How fair is what you earn?

But “show me the money” isn’t only about having enough for life’s necessities. It’s also about the sense of fairness — what scholars refer to as distributive justice. In our survey, we asked: How fair is what you earn on your job in comparison to others doing the same type of work you do?

While 37.9 per cent feel they are paid appropriately, 52.7 per cent feel they are paid less than they deserve. On this indicator, the shift is substantial. Between 2002 and 2018, 40.6 per cent on average have described their pay as being somewhat less or much less than they deserve, with 2010 again being the outlier at 46.2 percent.

We need to earn enough to live, and the amount should be just. But there’s another element of pay that reflects something deeper. A fundamental human motive: status. Justifying his “show me the money” plea, Tidwell roars: “I’m a role model, Jerry,” adding “it’s a very personal … very important thing.”

Image: stacks of silver coins in a line, growing in height from left to right. Image via piqsels, piqsels terms of service. Income, which can often be distributed unfairly, determines social status.

Status matters. Not only in the eyes of others, but in our own self-evaluations too. Sociologists refer to this as subjective social status. To measure it, we told respondents to think of a ladder. At the top (10) are the people who are the best off. At the bottom (1) are the people who are the worst off. And, we asked: Where would you put yourself at the present time?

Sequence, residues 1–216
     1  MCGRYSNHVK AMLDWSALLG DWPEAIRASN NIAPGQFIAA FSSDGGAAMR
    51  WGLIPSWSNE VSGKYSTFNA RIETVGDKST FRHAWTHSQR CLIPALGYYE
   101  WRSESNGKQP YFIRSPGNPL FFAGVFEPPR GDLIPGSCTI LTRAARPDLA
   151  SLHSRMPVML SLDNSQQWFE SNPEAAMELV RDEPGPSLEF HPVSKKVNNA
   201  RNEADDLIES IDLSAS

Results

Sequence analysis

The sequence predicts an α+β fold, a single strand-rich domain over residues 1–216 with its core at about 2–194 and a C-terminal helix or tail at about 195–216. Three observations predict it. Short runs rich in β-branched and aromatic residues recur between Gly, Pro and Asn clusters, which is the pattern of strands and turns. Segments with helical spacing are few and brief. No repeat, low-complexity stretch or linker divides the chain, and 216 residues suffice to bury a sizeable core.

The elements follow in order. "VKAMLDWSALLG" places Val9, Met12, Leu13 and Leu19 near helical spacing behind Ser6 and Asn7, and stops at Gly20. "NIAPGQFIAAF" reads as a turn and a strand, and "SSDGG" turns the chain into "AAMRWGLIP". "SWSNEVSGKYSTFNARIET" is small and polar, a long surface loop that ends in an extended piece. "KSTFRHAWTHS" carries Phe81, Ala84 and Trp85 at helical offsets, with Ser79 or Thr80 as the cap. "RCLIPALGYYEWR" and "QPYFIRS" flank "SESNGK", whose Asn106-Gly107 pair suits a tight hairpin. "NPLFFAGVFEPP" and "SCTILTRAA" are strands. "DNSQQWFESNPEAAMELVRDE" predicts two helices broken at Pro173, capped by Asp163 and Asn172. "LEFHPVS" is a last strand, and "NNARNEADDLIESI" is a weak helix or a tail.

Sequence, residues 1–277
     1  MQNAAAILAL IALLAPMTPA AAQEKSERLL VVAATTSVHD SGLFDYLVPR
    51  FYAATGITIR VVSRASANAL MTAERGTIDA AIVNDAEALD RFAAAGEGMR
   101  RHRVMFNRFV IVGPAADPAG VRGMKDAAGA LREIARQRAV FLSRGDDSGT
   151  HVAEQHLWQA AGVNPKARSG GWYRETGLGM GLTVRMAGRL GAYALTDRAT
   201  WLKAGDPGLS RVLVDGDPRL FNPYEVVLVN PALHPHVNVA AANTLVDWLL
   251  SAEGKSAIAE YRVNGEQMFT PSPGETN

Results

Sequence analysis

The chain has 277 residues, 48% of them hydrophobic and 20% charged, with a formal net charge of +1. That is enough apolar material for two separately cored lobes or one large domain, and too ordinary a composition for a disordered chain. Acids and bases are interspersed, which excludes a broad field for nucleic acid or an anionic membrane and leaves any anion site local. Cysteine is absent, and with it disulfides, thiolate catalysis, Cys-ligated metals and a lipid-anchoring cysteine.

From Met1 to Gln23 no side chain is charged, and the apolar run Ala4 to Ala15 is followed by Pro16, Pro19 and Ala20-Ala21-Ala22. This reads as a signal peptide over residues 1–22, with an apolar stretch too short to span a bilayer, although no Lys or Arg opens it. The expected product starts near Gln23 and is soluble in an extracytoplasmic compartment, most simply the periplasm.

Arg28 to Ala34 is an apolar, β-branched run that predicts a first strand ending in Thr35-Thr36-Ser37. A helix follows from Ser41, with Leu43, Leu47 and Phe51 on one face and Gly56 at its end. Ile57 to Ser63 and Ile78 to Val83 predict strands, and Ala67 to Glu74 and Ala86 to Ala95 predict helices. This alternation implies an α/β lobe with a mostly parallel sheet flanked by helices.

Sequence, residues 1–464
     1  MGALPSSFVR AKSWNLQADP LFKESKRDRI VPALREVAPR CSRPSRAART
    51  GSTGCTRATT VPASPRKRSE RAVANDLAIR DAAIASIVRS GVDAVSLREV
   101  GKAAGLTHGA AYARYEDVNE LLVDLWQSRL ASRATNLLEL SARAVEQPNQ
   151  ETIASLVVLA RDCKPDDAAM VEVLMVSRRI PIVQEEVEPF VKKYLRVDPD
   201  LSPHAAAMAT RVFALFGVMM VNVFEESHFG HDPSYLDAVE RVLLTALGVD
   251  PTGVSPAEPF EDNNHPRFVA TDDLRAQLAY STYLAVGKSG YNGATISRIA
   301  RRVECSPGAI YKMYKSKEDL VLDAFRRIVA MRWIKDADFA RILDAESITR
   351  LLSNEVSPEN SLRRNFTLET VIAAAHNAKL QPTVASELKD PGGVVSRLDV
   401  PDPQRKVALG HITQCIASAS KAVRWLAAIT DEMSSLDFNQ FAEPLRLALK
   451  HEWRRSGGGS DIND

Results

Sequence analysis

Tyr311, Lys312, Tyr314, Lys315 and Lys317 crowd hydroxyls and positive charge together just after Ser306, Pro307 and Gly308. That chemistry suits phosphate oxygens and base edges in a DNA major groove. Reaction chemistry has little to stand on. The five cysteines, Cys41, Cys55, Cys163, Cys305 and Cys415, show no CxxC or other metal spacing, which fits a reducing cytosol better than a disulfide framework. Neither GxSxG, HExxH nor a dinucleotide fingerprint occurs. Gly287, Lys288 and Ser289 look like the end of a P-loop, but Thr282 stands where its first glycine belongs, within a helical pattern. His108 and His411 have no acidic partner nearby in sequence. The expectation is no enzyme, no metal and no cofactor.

On average, American workers report a 6 on the status ladder. But those who report insufficient earnings and feel severely underpaid score significantly lower (4.9), compared to those who have sufficient earnings and feel their pay is appropriate (6.6). That difference holds regardless of education, occupation, income and job authority.

Can money buy happiness?

Some say money can’t buy happiness, but it goes a long way to providing status. And status often translates into happiness.

In our survey, Americans who don’t earn enough to make ends meet and feel underpaid are less happy and hopeful about the future. Life, for them, is less enjoyable. Inadequate earnings and feeling underpaid also erode happiness more strongly than the objective indicators of low socio-economic standing do. And one’s position on the status ladder eclipses all other socio-economic indicators in predicting happiness.

Our sample doesn’t include any professional football stars. But it does contain a broad cross-section of American workers — doggie daycare assistants, accountants, truck drivers, software engineers, sous chefs, electricians, candle-makers and on and on. All have a few things in common: They want to earn enough money to make ends meet, they want to be paid fairly for the work they do and they all share the fundamental human motive for status.

As dated as Jerry Maguire feels, “show me the money” still resonates. Maybe it always will. Given how consistent these indicators of income dissatisfaction have been for the past few decades, perhaps the Great Re-evaluation of work should focus first and foremost on compensation. Channel your inner Rod Tidwell!

Xin Ming Matthew Zhou, an undergraduate research assistant in the Department of Sociology at the University of Toronto, co-authored this articleThe Conversation

Scott Schieman, Professor of Sociology and Canada Research Chair, University of Toronto

This piece is reposted, with permission, from Sociological Images.

As the new year brings in a new peak in COVID cases across the country, we all have a right to feel a little down in the dumps.